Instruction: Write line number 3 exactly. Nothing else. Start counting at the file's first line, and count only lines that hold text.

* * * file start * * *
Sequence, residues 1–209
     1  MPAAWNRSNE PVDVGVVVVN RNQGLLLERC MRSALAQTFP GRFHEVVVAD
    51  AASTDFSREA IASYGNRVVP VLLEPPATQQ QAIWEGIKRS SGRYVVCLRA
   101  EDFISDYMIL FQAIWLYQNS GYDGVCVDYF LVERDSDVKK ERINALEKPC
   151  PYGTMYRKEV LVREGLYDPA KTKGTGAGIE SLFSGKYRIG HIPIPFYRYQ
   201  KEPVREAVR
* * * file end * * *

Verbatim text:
    51  AASTDFSREA IASYGNRVVP VLLEPPATQQ QAIWEGIKRS SGRYVVCLRA